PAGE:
My brother, who is lame,
Counts among the little band of coyotes
Whom he feeds,
A lame one.
The coyote, we assume, ransomed his foot
To trap jaws,
The careening jacks must leave him in the dust.
Ground squirrels and lizards
Fall sometimes to the sudden pounce
Of wit and patience.
He has a witty grin, this wild dog.
My brother was a tumbler.
He broke his hip,
Falling from the top
Of a pyramid of boys.
He kept the ostyomyolitis
Into old age.
We told my widowed brother that he worried us,
Out There in the Desert Alone.
Couldn’t he be sensible?
The desert was no place for a lame man.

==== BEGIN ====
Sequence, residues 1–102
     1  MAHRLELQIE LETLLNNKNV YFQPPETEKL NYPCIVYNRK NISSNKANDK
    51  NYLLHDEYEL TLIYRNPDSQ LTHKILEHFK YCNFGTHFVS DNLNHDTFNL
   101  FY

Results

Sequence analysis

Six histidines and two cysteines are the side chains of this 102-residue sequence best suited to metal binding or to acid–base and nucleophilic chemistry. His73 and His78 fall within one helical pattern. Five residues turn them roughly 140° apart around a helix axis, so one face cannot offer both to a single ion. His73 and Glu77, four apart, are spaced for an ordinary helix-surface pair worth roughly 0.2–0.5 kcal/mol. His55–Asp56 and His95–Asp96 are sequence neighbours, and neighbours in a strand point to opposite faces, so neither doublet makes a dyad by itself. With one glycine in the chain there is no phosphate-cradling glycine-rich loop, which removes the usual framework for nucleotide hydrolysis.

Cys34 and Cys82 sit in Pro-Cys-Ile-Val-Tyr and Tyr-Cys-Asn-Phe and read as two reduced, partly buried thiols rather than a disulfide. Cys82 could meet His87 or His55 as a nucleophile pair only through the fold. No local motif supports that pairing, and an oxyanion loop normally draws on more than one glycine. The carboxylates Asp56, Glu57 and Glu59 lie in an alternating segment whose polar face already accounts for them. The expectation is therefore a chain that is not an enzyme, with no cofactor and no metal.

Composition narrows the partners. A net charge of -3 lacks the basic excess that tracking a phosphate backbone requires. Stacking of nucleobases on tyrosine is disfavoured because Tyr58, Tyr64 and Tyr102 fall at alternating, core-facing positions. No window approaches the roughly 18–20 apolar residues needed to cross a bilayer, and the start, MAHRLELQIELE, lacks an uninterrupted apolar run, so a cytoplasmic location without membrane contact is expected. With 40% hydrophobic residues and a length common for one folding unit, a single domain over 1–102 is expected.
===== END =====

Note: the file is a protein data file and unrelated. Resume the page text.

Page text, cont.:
He didn’t take the bait.
The desert years have dried him, made him
He could live
On coyote melons and kangaroo rats.
Sudden squealing death and parched agony
Surround his house.
My brother says, “Life is tough.”
He says, “That’s the way things are.”
My brother wants his life to be
An arroyo seco,
An empty river,
Not scoured by freshets of compassion.
But he feeds the coyotes,
Hopping like a shaman as he scatters Purina.
What has mercy to do
With the Anza-Borrego?
Fellow-feeling is the last trap we learn to avoid.
Helen R. Lehman